Kristin Fathe, PhD, is a technical product manager at ChromaCode. She has more than six years of experience in the molecular diagnostics industry in various scientific and commercial roles. Kristin received her PhD in biochemistry from the University of Texas Austin, where she focused on the etiology of neural tube defects and completed post-doctoral training in pharmaceutics, specifically the delivery of biologics.
COVID-19 has forever changed lab expectations and now technology must play catch up. We expect rapid result turn arounds. We expect 24/7 digital access to our health care providers. The term PCR is being used in every day conversations. And we have seen the ramifications of inequitable access to diagnostics. The bottom line is that we now expect our collective experience to inform the future, and technology must answer the call.
In a new paper published in Analytical Chemistry, Jacky et al. describe the utility of a novel technology known as High Definition PCR, or HDPCR™, demonstrating that it can expand the multiplexing of digital PCR (dPCR) 10 fold. As a proof of concept, this was applied to human genomics using an aneuploidy model system.
The concept of multiplexing in a single-color channel using standard hydrolysis probe chemistry (TaqMan®) on a real-time PCR instrument helps when you need to detect targets as present or not present, as expected from a canonical real-time PCR assay. Things get a little different when looking for genomic features that require precise quantitation, like copy number variants or aneuploidies, for which you would need digital PCR (dPCR). Applying HDPCR to dPCR instrumentation results in thousands of reads from a single sample, thereby enabling absolute quantification of multiple targets. In the study, the goal was to determine relative amounts of chromosomal material from cell-free DNA, something that is usually achieved with an NGS approach.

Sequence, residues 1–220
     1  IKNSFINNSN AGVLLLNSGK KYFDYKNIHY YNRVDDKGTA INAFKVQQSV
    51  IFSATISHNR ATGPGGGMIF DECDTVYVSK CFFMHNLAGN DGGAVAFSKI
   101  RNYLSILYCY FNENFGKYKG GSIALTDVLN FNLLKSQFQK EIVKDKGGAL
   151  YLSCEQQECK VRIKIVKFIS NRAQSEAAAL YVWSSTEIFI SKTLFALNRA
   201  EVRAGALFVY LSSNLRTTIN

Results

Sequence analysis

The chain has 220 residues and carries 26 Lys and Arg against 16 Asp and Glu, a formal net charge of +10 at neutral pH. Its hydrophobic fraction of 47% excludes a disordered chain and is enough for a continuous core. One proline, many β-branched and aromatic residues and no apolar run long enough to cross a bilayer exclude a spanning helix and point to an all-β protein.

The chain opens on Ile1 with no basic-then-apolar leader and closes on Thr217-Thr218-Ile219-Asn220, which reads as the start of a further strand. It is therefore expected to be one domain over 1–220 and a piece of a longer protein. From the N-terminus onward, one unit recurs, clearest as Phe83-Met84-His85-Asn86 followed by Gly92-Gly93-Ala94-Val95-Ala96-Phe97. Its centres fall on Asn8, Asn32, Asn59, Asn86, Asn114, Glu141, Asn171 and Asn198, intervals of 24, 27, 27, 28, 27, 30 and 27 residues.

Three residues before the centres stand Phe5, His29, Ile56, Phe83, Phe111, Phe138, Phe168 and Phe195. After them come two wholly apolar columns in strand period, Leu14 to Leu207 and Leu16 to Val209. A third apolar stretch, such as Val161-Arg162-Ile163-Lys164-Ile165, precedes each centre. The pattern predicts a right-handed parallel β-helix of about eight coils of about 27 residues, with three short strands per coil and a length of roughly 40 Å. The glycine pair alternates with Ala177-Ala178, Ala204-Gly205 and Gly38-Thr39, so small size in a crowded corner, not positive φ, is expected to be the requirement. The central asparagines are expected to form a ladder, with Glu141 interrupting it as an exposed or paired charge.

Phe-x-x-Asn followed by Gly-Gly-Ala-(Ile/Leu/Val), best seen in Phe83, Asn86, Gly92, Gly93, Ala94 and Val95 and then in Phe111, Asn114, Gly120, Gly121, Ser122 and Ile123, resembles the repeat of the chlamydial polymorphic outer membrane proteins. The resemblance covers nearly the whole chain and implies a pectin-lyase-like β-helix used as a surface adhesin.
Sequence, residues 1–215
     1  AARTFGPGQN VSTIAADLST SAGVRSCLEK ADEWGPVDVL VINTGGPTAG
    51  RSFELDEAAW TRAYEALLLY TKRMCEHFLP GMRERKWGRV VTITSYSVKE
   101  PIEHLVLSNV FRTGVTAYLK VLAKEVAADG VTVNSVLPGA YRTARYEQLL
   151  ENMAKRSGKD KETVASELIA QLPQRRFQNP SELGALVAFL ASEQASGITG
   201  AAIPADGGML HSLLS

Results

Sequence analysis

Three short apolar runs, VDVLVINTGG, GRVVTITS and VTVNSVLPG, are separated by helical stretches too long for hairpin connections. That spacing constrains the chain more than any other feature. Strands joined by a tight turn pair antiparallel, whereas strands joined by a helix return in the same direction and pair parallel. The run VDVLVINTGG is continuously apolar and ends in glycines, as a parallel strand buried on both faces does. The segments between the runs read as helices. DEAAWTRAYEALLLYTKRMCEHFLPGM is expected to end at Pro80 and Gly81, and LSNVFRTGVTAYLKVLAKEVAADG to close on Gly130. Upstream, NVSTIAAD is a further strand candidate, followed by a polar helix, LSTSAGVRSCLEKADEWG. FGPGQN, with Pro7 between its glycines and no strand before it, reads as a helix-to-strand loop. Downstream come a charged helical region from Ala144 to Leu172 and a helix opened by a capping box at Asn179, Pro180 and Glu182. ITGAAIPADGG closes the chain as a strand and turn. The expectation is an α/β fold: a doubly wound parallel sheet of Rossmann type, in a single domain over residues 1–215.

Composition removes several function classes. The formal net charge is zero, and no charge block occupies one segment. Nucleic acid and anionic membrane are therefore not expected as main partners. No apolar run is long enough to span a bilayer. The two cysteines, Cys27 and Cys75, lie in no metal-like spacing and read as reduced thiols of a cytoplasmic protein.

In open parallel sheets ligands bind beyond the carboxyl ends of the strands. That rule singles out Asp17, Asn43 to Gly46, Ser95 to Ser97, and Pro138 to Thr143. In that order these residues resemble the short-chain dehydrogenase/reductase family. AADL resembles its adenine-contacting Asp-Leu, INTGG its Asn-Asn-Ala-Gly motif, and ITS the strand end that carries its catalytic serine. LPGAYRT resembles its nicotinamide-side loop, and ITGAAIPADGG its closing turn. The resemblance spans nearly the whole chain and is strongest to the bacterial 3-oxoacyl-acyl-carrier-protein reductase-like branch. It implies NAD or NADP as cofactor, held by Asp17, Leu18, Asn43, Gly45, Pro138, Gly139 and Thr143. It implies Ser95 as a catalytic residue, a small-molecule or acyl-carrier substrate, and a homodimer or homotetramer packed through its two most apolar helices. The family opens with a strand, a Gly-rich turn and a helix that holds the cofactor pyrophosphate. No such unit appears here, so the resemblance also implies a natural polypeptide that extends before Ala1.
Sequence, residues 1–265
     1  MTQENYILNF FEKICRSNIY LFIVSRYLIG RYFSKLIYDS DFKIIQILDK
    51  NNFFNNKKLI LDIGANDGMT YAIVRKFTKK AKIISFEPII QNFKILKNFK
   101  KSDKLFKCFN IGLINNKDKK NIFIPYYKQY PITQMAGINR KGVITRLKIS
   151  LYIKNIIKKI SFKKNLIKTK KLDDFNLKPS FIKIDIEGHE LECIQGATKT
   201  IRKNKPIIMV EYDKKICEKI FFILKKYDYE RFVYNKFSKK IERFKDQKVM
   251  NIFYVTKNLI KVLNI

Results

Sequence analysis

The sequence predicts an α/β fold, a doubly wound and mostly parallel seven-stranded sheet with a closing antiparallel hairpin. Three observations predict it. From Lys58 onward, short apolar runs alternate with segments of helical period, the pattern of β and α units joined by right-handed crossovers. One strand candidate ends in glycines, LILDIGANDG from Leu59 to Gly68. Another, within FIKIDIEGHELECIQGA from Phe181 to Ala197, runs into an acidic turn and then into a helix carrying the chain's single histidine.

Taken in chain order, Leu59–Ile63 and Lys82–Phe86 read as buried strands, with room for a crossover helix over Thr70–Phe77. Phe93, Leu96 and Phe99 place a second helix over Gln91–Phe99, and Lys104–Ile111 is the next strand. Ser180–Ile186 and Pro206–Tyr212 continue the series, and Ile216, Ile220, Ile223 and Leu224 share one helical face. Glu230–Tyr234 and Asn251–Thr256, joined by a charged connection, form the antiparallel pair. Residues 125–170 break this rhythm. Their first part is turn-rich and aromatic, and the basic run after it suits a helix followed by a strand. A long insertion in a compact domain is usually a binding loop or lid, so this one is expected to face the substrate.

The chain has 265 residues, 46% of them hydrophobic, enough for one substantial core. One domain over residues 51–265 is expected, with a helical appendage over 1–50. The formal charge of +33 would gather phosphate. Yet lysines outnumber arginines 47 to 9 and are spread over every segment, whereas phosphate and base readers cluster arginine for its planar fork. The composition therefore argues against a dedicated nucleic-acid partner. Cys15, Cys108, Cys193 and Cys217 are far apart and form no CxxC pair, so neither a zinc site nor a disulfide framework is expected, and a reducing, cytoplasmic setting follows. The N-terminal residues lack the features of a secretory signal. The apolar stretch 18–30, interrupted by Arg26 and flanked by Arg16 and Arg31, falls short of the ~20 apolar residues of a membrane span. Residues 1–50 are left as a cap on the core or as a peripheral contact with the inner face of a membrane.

HDPCR leverages multiple sets of primers and probes to target different sequences on a specific chromosome, all in a single-color channel, on a dPCR instrument. All these different sequences are probe limited to yield the same level of end point fluorescence, regardless of the target detected. As a reaction is separated into thousands of partitions, random pieces of cell-free DNA will make it into each droplet. The presence of the different sequences in a single droplet can be represented by a Poisson distribution—in the same way you could model the random entry of individuals into a store over time if you knew the overall average entrance.
Because each droplet may contain anywhere from zero to N different targets, based on random partitioning of cell-free DNA, you may get anywhere from zero to N fluorescence units in each droplet. In fact, you will get a series of bell-shaped curves at different fluorescence intensities that represent the populations of positivity. Relative concentrations are then calculated to reveal small differences in chromosomal abundance from which you can tell if there are things like two or more copies of a chromosome present for a fetus in maternal blood.
Of course, summarizing this technology into a few sentences trivializes the additional inputs that are necessary for it to function. Our researchers and data scientists have created algorithms to standardize baselines, cross-talk, and instrument-to-instrument variations, as well as the ability for an interface to deconvolute all of this data. Learning more about this advanced technology can help prepare your lab for the future of research and diagnostics.